What a pity. Despite the relevance of Ayn Rand’s ideas to today’s increasing government involvement in the economy and political favoritism, "Atlas Shrugged, Part 1" doesn’t quite deliver the goods.
Writing more than one-half century ago, Rand portrays a United States turning from capitalism to socialism, from one that rewards those who produce the goods and services that drive our society forward to one that redistributes wealth, punishes success, and rewards friends of corrupt politicians — a society that turns achievers into servants of the less capable.
The film’s heroine, Dagny Taggart (played by Taylor Schilling), comes off even more robotic than she is portrayed in the book. It’s one thing to be a lean, efficient, profit-maximizing capitalist; quite another to be a monotone, expressionless caricature of one.
Even when she’s being abused by the creeping socialism infecting the country, it’s hard to feel sorry for her and her cause. Even in terms of just plain likability, Dagny’s brother Jim Taggart (played by Matthew Marsden) is more likable, even though, as a corrupt hack who lives off the supertalent of his sister, he’s one of the “bad guys.”
Atlas in popular imagery supports the world on his shoulders. Similarly, according to Rand, the few true innovators among us — the Einsteins, Beethovens, Galilleos, and Edisons — move the rest of us forward with the power of their ideas and devotion to their work.
These exceptional people are aware that the world is tremendously benefited by their efforts, but this is merely a happy result of their achievements, and not what motivates them. Their driving force in Rand’s view is love of the work to which they dedicate themselves. They achieve because it pleases them. Ultimately they serve themselves.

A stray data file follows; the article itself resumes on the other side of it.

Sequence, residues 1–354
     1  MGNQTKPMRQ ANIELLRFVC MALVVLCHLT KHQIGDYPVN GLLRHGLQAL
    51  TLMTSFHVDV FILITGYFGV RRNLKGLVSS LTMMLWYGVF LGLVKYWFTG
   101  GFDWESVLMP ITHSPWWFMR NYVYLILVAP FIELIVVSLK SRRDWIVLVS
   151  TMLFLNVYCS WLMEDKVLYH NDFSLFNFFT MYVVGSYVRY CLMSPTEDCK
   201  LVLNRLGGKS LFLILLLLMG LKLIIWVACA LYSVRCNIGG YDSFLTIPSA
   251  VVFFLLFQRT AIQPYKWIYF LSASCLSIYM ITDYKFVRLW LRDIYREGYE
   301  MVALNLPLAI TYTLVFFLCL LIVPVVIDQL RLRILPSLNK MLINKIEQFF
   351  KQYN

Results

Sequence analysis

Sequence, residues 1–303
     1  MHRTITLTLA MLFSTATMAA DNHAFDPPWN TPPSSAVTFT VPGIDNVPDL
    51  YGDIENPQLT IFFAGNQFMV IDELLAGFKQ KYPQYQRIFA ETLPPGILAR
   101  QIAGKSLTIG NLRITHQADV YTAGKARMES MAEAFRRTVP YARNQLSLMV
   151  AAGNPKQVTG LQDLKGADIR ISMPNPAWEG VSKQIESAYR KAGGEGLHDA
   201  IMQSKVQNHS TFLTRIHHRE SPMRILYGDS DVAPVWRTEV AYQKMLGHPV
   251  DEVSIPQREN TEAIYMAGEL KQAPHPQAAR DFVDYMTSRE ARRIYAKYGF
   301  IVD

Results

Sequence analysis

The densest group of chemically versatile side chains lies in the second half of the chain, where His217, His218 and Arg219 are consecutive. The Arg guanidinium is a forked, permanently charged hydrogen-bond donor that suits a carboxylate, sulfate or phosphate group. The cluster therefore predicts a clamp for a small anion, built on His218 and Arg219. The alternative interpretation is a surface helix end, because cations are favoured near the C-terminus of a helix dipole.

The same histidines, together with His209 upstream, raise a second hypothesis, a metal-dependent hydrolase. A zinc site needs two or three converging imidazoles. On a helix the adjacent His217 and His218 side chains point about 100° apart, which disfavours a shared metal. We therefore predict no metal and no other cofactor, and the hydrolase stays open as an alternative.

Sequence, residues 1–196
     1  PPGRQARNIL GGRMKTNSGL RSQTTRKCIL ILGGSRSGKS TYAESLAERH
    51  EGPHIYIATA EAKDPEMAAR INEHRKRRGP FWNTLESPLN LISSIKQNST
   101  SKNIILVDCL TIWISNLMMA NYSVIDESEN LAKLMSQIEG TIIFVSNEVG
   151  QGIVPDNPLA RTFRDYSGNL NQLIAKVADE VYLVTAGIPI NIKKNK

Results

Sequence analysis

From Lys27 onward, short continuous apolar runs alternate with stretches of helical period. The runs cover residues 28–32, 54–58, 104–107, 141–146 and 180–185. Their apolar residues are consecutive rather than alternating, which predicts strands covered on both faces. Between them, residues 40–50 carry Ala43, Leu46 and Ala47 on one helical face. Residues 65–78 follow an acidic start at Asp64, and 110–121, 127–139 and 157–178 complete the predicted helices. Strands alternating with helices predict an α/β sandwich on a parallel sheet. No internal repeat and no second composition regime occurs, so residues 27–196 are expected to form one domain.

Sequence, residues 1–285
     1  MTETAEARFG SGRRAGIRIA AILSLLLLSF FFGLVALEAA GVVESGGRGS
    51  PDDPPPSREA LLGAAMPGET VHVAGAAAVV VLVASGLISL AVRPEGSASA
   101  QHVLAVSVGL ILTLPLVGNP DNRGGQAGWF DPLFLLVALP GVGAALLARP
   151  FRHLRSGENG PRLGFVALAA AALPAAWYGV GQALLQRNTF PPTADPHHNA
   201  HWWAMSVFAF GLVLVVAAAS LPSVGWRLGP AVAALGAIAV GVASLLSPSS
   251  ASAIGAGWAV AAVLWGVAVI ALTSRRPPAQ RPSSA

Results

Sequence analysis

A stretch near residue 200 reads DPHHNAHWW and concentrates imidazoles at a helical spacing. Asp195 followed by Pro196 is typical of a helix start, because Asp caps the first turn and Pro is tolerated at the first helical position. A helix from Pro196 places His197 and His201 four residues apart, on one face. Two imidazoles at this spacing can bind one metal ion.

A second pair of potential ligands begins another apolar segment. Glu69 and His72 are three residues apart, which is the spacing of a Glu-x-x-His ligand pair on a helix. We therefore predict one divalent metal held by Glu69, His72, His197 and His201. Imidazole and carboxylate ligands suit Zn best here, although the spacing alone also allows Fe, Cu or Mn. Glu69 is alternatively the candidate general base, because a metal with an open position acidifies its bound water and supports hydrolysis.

When Atlas shrugs, the world falls. So too when the giants of humankind withdraw from their creativity, the world, and everyone and everything in it, fails.
Unfortunately for the film’s viewers, however, they don’t discover (except from the film’s final voice-over that is largely lost in the shuffle) that the great talent of the world has gone on strike.
Viewers assume that the leaders of industry continually disappearing throughout the movie are being kidnapped or killed. This would be OK if the true point were made forcefully at the end of the movie, leaving viewers leaving the theater with something big to think about. Instead the critical point is made sort of as an afterthought, and its impact is terribly weakened.
On a positive note, one item that keeps the viewer at least somewhat intrigued is the recurring question, "Who is John Galt?"
This question is posed by various characters throughout the film (as throughout the book) who’ve abandoned all economic hope. That the answer will provide insight into what’s really going on in the film gives the viewer a glimmer of hope. But this question too remains unanswered (at least until Parts 2 and 3 come out).
Despite its PG-13 rating, the film deals with “mature” economic themes and won’t be enjoyed by younger audiences.
If Rand’s ideas interest you, you’re better off reading the book. Shrug.
Film critics Sarah and Michelle Katz are twin sisters attending high school in New York. They comment frequently on film, entertainment, and celebrities.
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